As the biggest city in the world, it’s unsurprising that Tokyo is crammed full of different places to stay. With each district boasting its own character, choosing where to stay in Tokyo can be a hard decision.
Are you after the full Tokyo experience, with a view from a glittering skyscraper? Or a calm, traditional retreat, away from the neon-drenched madness? How about a kip in an only-in-Japan capsule hotel? Whatever side of this ever-changing city you’re interested in, you’re bound to find somewhere that hits the spot.
The most attractive is Higashi Gyoen, where remnants of the old Edo Castle still stand amid formal gardens; to its north lies Kitanomaru-kōen, a more natural park containing the excellent National Museum of Modern Art.
Look east from the Imperial Palace area and you’ll see that the flat parkland on its periphery is, almost immediately, punctuated by a wall of high-rise – this is Marunouchi (literally meaning “inside the circle”). Its crowded streets are transformed at dusk into neon-lit canyons, lined with many of Tokyo’s swankiest places to eat, drink and sleep.
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Ginza, the “place where silver is minted”, took its name after Shogun Tokugawa Ieyasu started making coins here in the early 1600s. It turned into a happy association: one street, Chūō-dōri, soon grew to become Japan’s most stylish shopping thoroughfare.
This slice of quintessential modern-day Japan is fascinating enough to choose from all the areas where to stay in Tokyo. Add a sprinkling of great museums and galleries, and you’re set for the day, especially when you factor in the sights of the neighbouring districts of Nihombashi and Shiodome, which bookend Ginza to the north and south.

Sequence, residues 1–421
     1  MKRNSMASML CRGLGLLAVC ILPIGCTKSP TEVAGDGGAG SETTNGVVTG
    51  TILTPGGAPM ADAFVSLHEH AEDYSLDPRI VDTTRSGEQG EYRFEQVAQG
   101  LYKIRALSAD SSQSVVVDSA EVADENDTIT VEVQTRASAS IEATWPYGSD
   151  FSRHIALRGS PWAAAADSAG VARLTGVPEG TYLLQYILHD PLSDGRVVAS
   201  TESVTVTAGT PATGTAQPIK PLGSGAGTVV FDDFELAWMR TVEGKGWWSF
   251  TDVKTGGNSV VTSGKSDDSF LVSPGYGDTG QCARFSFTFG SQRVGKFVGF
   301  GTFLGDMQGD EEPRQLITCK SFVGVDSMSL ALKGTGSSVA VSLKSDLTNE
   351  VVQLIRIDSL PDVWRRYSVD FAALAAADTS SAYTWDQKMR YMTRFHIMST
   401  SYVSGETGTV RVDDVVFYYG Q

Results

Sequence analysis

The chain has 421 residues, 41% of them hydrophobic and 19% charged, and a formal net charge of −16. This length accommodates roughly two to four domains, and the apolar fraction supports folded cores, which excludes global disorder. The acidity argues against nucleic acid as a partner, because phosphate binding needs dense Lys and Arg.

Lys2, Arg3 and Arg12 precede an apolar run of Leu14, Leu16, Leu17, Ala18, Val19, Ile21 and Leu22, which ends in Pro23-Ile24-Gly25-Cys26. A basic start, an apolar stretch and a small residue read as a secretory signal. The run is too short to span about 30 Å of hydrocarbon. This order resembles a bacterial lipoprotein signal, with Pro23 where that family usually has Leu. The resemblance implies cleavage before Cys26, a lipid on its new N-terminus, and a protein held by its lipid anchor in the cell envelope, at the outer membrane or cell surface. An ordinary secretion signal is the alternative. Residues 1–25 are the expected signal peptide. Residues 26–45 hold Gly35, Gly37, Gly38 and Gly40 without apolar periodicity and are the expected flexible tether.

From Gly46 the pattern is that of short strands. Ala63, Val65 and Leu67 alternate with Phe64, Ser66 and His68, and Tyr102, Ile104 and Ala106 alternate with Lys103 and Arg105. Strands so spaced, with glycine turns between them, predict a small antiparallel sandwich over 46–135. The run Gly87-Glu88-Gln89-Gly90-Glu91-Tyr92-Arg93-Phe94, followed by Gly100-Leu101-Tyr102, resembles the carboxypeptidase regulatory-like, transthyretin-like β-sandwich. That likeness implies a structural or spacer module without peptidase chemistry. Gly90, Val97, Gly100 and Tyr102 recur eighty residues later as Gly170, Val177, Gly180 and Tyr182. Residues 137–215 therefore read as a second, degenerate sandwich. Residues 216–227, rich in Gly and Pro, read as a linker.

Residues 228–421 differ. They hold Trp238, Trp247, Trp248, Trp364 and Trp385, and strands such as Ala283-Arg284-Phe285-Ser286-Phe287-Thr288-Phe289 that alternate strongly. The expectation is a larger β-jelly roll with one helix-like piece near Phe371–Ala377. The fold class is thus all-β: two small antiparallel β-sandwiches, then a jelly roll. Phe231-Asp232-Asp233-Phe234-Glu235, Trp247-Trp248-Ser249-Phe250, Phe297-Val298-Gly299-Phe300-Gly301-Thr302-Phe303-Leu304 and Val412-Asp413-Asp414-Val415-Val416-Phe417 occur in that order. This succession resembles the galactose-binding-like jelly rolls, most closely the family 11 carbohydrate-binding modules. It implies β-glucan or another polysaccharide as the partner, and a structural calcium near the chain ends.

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From Tokyo to Osaka, this Japan tailor-made trip features fantastic experiences. View a sumo session, visit ancient temples, and climb the Tokyo Skytree tower. Explore the resort town of Hakone in Mt Fuji’s shadow, savor a tea ceremony in Kyoto, and see cherry blossoms, in season, to complete a wonderful trip.
South of Sensō-ji are hundreds of small shops and stands, some of which have been around for centuries. West of the temple, things take a turn for the seedier, and many a traveller has got sozzled along a small lane known as “Hoppy-dōri” (named after Hoppy, a beer-like drink).
When kabuki and bunraku were banished from central Edo in the 1840s, they settled in Asakusa. Over the next century, almost every fad and fashion in Japanese popular entertainment started life here, from cinema to cabaret and striptease.
Today a handful of the old venues survive, most famously Rock-za, with its daily strip shows, and there are loads of cinemas, pachinko parlours, gambling halls and drinking dives
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Although it’s far from being the city’s most attractive park, all of Tokyo seems to flock to Ueno Kōen during spring’s cherry blossom season. Outside this brief period, however, the park only really gets busy at weekends, and during the week it can be a pleasant place for a stroll, particularly around Shinobazu Pond.
At the top of the steps leading up to the park from Ueno station, you’ll find a bronze statue of Saigō Takamori, the great leader of the Restoration army, which helped bring Emperor Meiji to power – his life story was the inspiration for the Tom Cruise movie The Last Samurai.